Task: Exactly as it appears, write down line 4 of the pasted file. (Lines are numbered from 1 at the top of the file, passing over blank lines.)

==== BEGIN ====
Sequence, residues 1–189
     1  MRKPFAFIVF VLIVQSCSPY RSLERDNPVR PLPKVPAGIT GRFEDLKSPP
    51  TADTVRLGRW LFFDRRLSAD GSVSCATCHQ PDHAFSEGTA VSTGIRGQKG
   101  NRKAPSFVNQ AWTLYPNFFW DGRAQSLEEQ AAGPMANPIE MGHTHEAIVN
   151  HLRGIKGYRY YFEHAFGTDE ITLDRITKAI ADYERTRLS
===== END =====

   101  NRKAPSFVNQ AWTLYPNFFW DGRAQSLEEQ AAGPMANPIE MGHTHEAIVN